Kiama Quotes in The River Between
[Waiyaki’s] eyes were large and rather liquid; sad and contemplative. But whenever he looked at someone, they seemed to burn bright. A light came from them, a light that appeared to pierce your body, seeing something beyond you, into your heart. Not a man knew what language the eyes spoke. Only, if the boy gazed at you, you had to obey.
“You must not [marry Nyambura]. Fear the voice of the Kiama. It is the voice of the people. When the breath of that people turns against you, it is the greatest curse you can ever get.”
No! It could never be a religion of love. Never, never. The religion of love was in the heart. The other was Joshua’s own religion, which ran counter to her spirit and violated love. If the faith of Joshua and Livingstone came to separate, why, it was not good. […] She wanted the other. The other that held together, the other that united.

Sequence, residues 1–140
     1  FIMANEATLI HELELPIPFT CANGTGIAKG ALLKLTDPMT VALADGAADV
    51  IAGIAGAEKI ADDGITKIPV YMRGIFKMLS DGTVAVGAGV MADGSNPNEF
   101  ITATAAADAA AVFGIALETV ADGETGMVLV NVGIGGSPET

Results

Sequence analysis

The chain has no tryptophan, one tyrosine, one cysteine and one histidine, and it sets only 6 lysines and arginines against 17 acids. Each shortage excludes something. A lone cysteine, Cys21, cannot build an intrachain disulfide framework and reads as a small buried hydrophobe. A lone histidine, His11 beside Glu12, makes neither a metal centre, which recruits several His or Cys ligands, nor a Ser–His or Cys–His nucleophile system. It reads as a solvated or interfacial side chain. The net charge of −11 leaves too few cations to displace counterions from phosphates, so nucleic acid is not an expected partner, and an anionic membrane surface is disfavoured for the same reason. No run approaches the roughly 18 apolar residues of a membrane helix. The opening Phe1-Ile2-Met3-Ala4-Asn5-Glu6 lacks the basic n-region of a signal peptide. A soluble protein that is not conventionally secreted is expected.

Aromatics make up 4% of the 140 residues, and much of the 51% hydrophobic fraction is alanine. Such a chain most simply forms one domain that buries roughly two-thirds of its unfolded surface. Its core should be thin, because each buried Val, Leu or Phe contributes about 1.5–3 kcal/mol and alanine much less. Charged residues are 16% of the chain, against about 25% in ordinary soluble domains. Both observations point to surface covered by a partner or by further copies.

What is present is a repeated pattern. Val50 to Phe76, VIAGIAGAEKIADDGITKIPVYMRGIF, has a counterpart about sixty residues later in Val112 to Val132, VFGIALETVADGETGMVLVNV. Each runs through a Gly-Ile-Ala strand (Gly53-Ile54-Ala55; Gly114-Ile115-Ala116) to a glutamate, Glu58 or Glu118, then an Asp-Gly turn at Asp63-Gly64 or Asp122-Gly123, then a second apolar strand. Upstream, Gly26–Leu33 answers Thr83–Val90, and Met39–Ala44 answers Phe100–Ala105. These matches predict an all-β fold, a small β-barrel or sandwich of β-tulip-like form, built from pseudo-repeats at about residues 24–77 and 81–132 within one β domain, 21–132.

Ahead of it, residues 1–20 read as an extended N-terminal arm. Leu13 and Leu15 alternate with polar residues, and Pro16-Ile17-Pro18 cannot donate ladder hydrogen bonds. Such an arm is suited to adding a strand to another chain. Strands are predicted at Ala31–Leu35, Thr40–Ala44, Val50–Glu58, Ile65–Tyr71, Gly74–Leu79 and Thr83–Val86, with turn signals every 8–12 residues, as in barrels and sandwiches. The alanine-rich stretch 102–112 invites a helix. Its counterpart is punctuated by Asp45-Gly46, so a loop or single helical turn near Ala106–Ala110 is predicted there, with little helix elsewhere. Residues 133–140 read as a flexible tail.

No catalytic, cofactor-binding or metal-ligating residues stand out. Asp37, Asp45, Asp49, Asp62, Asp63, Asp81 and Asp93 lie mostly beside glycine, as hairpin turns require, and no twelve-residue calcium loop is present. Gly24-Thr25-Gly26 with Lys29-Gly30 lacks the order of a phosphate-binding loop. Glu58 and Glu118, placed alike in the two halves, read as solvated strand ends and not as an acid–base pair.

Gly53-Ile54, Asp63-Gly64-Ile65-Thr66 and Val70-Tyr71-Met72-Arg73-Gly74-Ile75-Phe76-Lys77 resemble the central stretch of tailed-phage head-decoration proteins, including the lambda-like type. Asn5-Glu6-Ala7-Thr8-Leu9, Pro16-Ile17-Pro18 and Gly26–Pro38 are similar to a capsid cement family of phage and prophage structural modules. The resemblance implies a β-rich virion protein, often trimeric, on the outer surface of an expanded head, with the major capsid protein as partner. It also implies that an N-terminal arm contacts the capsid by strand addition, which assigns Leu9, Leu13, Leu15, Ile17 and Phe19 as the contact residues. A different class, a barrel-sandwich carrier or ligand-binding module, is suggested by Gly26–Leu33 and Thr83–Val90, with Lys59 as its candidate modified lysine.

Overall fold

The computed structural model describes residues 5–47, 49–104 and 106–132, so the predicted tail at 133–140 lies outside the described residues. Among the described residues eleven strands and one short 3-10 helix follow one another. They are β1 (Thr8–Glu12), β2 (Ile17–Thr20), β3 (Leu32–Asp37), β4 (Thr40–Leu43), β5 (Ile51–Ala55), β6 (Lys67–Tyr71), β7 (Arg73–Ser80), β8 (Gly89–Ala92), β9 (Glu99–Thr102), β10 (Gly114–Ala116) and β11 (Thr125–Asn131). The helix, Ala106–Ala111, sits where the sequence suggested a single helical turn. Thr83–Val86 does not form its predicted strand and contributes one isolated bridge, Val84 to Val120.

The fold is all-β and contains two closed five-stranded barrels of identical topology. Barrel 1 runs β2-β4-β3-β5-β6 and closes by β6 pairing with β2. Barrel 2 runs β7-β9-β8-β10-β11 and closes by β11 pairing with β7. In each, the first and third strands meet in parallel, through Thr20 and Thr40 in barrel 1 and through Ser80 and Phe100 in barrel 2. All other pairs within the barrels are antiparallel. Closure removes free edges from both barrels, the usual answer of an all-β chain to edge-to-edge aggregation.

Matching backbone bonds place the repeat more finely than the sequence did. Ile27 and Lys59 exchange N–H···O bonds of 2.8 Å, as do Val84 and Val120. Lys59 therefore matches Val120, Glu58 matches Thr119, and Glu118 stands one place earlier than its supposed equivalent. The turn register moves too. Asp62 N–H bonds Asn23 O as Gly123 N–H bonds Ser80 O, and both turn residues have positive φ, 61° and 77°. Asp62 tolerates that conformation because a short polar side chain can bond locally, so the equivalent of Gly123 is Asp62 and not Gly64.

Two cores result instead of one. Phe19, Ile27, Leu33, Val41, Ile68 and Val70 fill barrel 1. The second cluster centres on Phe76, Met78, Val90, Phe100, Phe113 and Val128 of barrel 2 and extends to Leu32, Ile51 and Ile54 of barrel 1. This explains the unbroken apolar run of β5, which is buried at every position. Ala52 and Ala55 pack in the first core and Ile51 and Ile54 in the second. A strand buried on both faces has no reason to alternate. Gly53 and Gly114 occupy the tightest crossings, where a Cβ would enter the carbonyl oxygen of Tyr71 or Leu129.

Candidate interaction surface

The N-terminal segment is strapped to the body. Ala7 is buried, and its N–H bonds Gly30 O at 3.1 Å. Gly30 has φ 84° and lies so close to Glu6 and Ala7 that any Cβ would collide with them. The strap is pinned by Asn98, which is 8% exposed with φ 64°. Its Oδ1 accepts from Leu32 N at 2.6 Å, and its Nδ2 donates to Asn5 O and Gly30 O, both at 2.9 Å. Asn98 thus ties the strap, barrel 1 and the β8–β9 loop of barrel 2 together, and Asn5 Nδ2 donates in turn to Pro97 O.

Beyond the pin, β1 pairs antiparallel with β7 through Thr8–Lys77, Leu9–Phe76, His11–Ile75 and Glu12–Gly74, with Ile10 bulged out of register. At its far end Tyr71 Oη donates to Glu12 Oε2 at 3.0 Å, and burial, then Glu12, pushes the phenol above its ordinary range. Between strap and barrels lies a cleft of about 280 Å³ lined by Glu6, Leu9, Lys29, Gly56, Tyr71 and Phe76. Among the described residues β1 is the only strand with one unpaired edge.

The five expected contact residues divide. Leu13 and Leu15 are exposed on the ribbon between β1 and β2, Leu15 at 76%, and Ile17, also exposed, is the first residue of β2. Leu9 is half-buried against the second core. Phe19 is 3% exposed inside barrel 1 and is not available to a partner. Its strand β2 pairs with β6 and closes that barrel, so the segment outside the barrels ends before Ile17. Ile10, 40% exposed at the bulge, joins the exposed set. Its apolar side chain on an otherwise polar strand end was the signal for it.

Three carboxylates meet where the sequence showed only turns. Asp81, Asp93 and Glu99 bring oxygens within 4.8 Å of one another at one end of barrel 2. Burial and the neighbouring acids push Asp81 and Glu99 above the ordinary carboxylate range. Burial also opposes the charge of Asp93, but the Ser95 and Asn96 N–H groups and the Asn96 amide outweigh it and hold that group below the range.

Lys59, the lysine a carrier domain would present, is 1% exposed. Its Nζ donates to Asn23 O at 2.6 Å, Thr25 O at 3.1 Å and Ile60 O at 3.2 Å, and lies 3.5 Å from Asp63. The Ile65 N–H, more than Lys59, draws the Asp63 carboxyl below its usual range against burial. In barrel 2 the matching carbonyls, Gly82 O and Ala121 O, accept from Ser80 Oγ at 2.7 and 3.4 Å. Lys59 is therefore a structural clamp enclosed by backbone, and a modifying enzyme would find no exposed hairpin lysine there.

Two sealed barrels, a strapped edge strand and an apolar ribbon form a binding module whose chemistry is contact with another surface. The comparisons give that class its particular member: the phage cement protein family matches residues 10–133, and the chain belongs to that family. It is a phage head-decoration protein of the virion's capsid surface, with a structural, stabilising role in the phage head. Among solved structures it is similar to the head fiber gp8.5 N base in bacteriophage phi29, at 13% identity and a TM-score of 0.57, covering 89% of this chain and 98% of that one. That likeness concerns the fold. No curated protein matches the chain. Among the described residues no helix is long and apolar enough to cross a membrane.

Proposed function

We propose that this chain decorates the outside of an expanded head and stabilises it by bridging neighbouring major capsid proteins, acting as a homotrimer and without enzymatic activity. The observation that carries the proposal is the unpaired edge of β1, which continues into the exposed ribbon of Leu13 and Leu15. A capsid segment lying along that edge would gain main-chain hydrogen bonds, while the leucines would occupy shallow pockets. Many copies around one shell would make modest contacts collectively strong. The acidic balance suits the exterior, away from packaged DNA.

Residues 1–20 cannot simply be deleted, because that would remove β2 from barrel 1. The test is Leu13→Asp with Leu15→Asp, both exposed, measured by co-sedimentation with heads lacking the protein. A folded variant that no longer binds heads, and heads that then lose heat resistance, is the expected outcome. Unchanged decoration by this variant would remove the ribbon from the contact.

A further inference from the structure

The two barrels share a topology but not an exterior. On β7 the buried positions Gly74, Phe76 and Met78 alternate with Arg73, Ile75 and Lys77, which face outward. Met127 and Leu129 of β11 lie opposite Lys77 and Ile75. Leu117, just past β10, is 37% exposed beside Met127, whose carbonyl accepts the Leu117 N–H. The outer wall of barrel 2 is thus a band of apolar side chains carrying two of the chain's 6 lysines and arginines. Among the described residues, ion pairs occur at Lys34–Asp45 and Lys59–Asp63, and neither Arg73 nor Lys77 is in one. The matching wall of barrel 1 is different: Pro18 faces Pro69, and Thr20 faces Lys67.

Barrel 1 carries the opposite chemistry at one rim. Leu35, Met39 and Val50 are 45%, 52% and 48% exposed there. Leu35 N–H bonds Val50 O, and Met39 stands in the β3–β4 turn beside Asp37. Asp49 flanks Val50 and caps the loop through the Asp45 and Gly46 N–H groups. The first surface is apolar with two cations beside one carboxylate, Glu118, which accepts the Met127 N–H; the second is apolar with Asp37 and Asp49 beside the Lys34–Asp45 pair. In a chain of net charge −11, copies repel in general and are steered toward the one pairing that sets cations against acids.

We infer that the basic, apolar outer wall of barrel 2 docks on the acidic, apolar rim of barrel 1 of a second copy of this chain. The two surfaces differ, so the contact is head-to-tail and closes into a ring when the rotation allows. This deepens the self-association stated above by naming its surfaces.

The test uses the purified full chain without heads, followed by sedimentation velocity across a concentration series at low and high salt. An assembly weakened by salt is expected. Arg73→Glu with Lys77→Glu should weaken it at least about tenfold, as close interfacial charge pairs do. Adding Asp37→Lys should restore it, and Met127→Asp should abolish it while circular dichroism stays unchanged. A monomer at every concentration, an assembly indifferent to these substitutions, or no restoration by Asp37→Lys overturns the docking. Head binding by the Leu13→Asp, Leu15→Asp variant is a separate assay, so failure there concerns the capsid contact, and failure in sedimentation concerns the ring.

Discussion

For Waiyaki knew that not all the ways of the white man were bad. Even his religion was not essentially bad. Some good, some truth, shone through it. But the religion, the faith, needed washing, cleaning away all the dirt, leaving only the eternal. And that eternal was that the truth had to be reconciled to the traditions of the people.
The land was now silent. The two ridges lay side by side, hidden in the darkness. And Honia river went on flowing between them, down through the valley of life, its beat rising above the sark stillness, reaching into the heart of the people of Makuyu and Kameno.